Seamounts, or underwater mountains, are defined in Oceanography as independent structures that rise at least 1,000 metres above the seabed.
Their summit can often stand out from the seabed for several thousand metres, without ever reaching sea level. It is estimated that there are around 30,000 underwater mountains on our planet, but only a few have been studied.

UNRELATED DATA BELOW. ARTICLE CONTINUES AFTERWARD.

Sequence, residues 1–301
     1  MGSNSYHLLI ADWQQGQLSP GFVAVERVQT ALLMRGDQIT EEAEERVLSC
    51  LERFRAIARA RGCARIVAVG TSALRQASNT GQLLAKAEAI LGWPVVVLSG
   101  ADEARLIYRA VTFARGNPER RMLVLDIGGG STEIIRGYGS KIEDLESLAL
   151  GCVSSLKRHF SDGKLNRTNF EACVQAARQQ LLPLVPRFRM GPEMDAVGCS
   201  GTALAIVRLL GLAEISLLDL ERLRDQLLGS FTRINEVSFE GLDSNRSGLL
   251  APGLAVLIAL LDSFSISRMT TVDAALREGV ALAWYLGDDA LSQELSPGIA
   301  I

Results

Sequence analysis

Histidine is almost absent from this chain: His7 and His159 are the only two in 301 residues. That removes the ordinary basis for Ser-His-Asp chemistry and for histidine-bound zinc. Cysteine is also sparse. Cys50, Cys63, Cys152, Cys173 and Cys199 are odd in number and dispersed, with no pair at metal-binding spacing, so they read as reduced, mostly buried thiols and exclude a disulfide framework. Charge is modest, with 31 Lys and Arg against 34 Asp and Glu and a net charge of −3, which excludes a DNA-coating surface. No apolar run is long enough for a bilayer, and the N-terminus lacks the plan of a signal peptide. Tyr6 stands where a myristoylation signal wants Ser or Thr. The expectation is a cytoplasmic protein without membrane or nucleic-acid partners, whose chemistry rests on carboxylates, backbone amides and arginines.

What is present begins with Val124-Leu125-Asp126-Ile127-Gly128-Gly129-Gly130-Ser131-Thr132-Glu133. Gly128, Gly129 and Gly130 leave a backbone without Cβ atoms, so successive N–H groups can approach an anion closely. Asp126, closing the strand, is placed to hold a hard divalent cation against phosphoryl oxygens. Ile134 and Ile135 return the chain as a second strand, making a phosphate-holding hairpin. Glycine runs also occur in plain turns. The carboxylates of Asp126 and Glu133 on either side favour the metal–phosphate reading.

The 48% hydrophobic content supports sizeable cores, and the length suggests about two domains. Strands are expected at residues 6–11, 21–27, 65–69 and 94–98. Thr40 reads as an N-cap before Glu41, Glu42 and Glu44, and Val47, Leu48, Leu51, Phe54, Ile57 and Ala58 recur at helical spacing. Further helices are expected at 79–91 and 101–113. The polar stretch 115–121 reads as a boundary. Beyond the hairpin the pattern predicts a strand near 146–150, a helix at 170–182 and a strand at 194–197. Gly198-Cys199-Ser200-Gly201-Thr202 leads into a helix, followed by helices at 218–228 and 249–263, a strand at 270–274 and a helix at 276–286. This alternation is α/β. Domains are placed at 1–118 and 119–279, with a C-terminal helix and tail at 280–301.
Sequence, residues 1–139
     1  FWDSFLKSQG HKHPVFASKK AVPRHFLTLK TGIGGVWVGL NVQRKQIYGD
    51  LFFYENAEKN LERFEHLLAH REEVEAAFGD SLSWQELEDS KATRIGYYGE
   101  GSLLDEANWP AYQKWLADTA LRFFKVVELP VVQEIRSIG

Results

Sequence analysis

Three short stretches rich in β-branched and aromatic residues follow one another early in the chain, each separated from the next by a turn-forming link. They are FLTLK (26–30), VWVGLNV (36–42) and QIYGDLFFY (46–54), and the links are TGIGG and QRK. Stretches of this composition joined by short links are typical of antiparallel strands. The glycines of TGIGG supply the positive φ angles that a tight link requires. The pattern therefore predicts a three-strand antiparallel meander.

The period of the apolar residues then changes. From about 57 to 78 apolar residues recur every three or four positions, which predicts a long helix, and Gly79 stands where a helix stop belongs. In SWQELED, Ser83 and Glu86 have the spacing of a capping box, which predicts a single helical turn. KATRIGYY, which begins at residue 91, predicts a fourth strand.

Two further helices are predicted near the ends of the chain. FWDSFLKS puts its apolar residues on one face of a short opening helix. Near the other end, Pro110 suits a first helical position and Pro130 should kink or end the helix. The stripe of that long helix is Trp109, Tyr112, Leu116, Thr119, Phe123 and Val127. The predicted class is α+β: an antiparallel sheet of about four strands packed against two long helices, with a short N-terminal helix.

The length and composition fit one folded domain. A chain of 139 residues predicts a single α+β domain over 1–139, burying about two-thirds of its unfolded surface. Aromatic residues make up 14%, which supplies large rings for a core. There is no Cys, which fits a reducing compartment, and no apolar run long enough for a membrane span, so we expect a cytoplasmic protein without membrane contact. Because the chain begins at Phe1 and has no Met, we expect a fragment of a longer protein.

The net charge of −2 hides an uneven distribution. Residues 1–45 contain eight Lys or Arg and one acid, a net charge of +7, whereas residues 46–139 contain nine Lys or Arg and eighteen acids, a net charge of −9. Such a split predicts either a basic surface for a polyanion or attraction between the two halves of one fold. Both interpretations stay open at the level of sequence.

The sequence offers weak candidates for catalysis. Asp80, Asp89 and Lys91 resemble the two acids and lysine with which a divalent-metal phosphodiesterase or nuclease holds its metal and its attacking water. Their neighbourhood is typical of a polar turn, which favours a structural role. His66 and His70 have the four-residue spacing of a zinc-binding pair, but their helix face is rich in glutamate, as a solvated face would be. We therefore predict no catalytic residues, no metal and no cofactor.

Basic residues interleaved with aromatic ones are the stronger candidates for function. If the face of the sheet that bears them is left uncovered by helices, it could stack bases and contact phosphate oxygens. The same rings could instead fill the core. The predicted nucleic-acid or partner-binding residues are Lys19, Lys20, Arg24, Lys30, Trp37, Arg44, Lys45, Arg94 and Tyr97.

Seamounts are almost always formed by underwater volcanoes, either extinct or still active.
They can then reach above sea level and become volcanic islands, or stay below and remain underwater volcanoes.